Russian River Estuary Opened

The Sonoma County Water Agency breached the mouth of the Russian River early this afternoon.

I had paddled the upper Russian River estuary the past couple of days, once on my SUP up to Bohemian Grove…

….and again yesterday with my wife in the canoe. On this second outing we made it all the way to the upper limit of the estuarine waters at the Summer Crossing between Guerneville and Monte Rio.

Summer Crossing near Guerneville where the first discernible downstream current is felt when the estuary is full

Here’s a map of some of the second paddle up to the Summer Crossing.

When the estuary gets so full that it is basically a lake from Jenner to Guerneville it begins to flood summer homes along the Jenner shoreline and the Sonoma County Water Agency steps in to breach the levee of sand pushed up into the mouth of the river by the Pacific surf.

We arrived to witness the breaching, but CalTrans work on Highway 1 delayed the delivery of the excavator to Goat Rock Beach where the breaching was to take place. There was no excavator, just an empty beach and a full lagoon.

To pass the time waiting for the excavator to arrive my wife and I took a walk along the coast on the Kortum Trail from Shell Beach to Wright’s Beach. Wright’s Beach has nice pebbly stretches mixed in with ordinary sandy sand.

Fine pebbles on Wright’s Beach

When we returned to the Jenner overlook in the misty mid afternoon, the breaching of the estuary had just been completed and the water began flowing out the the Pacific Ocean.

 

Harbor Seals were swimming in the lagoon and in the Pacific surf just where the fresh water was running out to the ocean. We could see a few making their way back and forth between the two.

 

California Fires

Wildfires have devastated this part of Northern California, hitting neighboring towns of Santa Rosa and Glen Ellen especially hard. Choking smoke has blanketed my hometown, Sebastopol, making it hard to breathe.

To get some relief, I went out to the ocean for a short outing on my stand up paddle board. I went to Jenner at the mouth of the Russian River.

The mouth of the river has closed again, so the estuary is again a lagoon. On my way to the mouth, I saw a river otter, several harbor seals, more than a dozen brown pelicans,and hundreds of terns and gulls.

Here is a map of my short paddle.

 

SUPs Everywhere

Regular Estuarian readers may have noticed a summer-long hiatus in my posts to this weblog. The reason? This little guy, our first grandchild.

Upon resuming my estuarian activities, I’ve seen Stand Up Paddleboards, (SUPs) everywhere I paddle.

The Russian River,

Corte Madera Creek

Spring Lake

Tomales Bay

Riverfront Park in Windsor

I’ve talked to many of them and learned that many used to paddle kayaks, but chose SUPs to get a better workout. I get it: kayaking does nothing for you from the hips on down. Because of that, I often take a walk after paddling, as I did yesterday at Riverfront park.

I talked with Doug, the paddleboarder who is just barely visible on the far shore of this lake, below. He’s about my age, admirably fit and vigorous, an experienced white water and sea kayaker, and an enthusiastic SUPer.

Doug got me thinking about becoming a SUPerman. My birthday is coming up.

Teatime on Tomales


Autumn weather around here is perfect for paddling: warm and not too windy.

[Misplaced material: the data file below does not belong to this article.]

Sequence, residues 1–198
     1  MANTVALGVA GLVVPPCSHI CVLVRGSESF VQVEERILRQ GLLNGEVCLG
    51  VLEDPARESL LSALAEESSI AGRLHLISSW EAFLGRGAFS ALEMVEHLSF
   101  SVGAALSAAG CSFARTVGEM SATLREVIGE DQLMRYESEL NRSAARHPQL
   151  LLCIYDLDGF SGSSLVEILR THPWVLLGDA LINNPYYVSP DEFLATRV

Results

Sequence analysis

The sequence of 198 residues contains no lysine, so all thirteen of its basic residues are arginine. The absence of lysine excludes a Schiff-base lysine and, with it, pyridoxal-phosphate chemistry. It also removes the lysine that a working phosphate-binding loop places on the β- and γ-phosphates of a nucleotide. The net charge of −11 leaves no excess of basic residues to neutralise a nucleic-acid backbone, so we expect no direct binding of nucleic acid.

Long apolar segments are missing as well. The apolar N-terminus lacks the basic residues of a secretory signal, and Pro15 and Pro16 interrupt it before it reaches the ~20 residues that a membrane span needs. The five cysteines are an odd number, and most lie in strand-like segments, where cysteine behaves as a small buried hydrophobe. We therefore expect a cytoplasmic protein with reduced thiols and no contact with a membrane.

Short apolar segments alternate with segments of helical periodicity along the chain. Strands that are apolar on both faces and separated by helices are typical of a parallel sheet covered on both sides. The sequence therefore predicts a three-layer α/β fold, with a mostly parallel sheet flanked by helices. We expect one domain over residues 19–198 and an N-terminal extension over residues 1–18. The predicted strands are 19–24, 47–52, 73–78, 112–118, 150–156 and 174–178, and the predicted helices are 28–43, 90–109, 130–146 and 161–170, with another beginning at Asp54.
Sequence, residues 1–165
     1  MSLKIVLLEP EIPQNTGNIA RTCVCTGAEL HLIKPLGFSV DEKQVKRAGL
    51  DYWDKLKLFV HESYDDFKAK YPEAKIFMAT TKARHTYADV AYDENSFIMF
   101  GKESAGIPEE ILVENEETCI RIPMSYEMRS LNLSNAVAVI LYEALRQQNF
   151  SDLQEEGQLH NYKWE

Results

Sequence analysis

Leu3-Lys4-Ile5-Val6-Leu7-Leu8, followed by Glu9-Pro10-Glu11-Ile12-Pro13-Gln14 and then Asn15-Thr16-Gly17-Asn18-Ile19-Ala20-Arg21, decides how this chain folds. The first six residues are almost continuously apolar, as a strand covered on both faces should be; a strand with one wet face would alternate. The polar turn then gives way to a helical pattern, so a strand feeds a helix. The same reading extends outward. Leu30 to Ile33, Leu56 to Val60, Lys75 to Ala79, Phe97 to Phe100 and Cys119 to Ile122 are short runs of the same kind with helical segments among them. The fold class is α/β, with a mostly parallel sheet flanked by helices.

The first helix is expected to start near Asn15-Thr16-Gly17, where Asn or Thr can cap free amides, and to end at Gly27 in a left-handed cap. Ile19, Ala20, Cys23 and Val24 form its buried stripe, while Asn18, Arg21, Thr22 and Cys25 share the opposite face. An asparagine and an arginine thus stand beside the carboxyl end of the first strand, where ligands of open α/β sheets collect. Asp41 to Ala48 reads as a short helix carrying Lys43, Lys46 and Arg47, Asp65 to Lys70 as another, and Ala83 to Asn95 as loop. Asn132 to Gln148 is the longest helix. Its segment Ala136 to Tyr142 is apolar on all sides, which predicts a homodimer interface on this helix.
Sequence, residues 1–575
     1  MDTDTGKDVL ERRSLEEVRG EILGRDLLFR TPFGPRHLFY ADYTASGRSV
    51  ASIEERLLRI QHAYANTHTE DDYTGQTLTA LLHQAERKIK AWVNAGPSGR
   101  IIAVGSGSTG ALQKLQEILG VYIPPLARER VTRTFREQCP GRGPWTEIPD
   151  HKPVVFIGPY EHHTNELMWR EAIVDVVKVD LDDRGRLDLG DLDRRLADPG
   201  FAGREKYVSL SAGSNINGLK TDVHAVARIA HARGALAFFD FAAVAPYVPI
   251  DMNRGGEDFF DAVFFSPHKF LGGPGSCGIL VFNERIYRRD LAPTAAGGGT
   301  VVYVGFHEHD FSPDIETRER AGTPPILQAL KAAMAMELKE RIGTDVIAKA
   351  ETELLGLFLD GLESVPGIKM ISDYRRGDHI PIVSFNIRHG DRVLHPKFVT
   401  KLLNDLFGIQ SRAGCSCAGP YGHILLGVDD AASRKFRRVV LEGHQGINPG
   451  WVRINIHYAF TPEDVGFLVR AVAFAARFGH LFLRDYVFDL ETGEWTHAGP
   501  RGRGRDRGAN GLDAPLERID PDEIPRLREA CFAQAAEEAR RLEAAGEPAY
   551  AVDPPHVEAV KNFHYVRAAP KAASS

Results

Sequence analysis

Right after my morning coffee, I packed a small lunch and a thermos of hot black tea and headed for Chicken Ranch Beach on the west side of Tomales Bay.

Not many others were out there today other than a trio of women on StandUp Paddleboards.

Hearts Desire Beach was almost empty.

So was Indian Beach.

I paddled beyond Sacramento Landing to Fruit Tree Beach where I stopped for tea.

I had the whole beach to myself

 

I enjoyed the peacefulness of the bay and the solitude it offers on weekday mornings. On the way back south a Northwest wind blew straight down the bay. Luckily I had my Windpaddle Sail along.

The winds filled the sail and urged me down the bay.

A map of my journey:


 

Salmon Creek Scoot

Salmon Creek is known mainly for its beach, popular with surfers and notorious for shark attacks that occur there from time to time.

No one I know has ever paddled up Salmon Creek. It’s such a small creek that it doesn’t seem worth the bother to launch a boat.Yesterday, while walking in the area with my wife, I got curious about what it might offer despite its small size. My curiosity got me out there this morning with my kayak and camera, and I was rewarded with a lovely outing.

My journey began at the “Salmon Creek Yacht Club” along the edge of the estuary of Salmon Creek. It’s sole facility is this aging sign, partially hidden in the reeds:

The “Yacht Club” serves the small community of Salmon Creek, a collection of modest seaside cottages and homes in various states of repair.

When I arrived, coastal low clouds spread across the sky. I had no idea how far inland it might be possible to paddle. I wanted to find out. Soon after passing beneath the Highway One bridge it got quiet and peaceful.

A half hour later, after passing some beautiful steep hillsides,

the trees and bushes growing along the banks began to impede further progress inland. Eventually I came to a tire swing near a gravelly pull-out spot where a trail led up a bank.

The short trail led to a campground of some sort. There was a fire ring, some firewood, and plenty of room to pitch some tents.

Beyond this place further progress would require portaging.

I turned around and paddled all the way down the estuary to the ocean. About a half dozen surfers were enjoying the knee high waves and I watched them,

enjoying a thermos of hot tea while sitting on a Douglas Fir stool.

 

A map of the outing: